Input Arguments

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    Buffer size of the LCGs, specified as a vector with a maximum of eight elements.

    In this vector, specify the LCGs in increasing order of their corresponding LCG IDs. The LCG IDs are indexed from 0 to 7.

    The size of the vector is limited by the highest LCG ID having nonzero data available for transmission.

    Data Types: double

    Priority of the LCGs, specified as a vector with elements in the range [1, 16]. In this vector, list the priority in increasing order of LCG ID.

    A lower priority value indicates an LCG with higher priority, and a higher priority value indicates an LCG with lower priority. For a long truncated BSR format, the LCGs with equal priority are reported in the order of their increasing LCG ID.

    An LCG priority value is derived from the highest priority logical channel mapped to it.

    Data Types: double

    Number of available padding bytes, specified as an integer greater than 1. You must specify these bytes to generate a padding BSR MAC CE.

    The function might not use all of the padding bytes, depending on the value of input lcgBufferSize.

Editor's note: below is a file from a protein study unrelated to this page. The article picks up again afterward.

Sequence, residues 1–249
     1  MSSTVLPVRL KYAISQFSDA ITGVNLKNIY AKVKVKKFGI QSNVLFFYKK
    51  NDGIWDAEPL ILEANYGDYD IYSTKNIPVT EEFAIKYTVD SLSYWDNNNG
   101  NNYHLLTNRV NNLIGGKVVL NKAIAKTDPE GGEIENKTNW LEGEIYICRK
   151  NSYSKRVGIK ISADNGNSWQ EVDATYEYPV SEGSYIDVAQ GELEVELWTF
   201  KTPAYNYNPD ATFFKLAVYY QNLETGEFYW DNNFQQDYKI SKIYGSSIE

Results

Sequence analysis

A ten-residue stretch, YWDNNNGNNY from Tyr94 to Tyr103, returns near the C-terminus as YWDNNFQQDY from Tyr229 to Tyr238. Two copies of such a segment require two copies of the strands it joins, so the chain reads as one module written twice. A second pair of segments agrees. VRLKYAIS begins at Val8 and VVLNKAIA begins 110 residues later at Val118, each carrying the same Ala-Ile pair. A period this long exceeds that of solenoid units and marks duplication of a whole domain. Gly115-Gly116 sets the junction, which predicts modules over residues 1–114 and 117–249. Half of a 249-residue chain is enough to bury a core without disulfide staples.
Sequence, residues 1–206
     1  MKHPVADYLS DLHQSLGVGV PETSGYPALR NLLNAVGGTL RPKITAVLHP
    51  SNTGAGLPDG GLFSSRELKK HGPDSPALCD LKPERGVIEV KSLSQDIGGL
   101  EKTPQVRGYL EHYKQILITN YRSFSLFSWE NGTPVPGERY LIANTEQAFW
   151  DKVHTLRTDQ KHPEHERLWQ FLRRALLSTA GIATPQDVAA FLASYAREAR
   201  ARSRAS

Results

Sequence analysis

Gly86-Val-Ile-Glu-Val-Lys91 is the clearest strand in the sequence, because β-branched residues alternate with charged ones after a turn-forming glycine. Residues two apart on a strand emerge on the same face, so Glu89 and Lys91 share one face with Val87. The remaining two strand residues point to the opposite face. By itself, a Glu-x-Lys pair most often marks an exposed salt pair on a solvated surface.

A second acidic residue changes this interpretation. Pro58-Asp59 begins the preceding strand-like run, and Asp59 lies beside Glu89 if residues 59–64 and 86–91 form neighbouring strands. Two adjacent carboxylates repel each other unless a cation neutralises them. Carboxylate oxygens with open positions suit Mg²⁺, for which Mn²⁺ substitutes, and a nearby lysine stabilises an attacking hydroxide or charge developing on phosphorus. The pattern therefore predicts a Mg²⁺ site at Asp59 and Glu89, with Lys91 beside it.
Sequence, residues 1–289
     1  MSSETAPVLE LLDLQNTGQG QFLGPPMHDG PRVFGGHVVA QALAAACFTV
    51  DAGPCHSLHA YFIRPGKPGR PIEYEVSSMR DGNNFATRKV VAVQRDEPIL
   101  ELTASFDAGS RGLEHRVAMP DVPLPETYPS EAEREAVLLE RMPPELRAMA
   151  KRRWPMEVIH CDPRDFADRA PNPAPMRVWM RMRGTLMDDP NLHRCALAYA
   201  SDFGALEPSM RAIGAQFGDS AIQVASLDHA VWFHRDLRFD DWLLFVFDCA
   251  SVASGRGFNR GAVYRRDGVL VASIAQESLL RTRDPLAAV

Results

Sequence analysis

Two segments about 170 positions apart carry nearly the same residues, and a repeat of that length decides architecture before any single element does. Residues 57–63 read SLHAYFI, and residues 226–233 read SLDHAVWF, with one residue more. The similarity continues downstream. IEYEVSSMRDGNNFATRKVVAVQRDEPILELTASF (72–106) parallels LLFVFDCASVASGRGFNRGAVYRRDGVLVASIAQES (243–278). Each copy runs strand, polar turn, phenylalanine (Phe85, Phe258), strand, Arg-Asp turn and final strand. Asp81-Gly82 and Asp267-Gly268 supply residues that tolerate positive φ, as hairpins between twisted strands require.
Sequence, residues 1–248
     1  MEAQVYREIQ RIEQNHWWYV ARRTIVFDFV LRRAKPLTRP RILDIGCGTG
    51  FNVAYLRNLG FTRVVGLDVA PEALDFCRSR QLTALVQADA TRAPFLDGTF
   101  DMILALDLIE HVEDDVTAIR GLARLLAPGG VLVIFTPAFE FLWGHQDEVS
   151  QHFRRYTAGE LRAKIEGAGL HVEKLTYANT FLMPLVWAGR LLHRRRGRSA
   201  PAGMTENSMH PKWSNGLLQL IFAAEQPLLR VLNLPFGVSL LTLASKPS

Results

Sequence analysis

The paddingbytes value limits the number of LCG buffer size values that the function can report in a long truncated BSR format.

    Data Types: double

    Output Arguments

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    BSR MAC CE, returned as one of these options.

    • Nonnegative integer — For short and short truncated BSR formats.

    • Column vector of octets in decimal format — For long and long truncated BSR formats. The length of the vector is determined by the number of reported LCGs.

    BSR is of one of these three types. For more details, see 3GPP TS 38.321 Section 5.4.5 [1].

    • Regular — When new data arrives in the uplink (UL) buffer and has higher priority than the data that is already waiting in the buffer of the user equipment (UE); or when none of the other LCGs have data to transmit.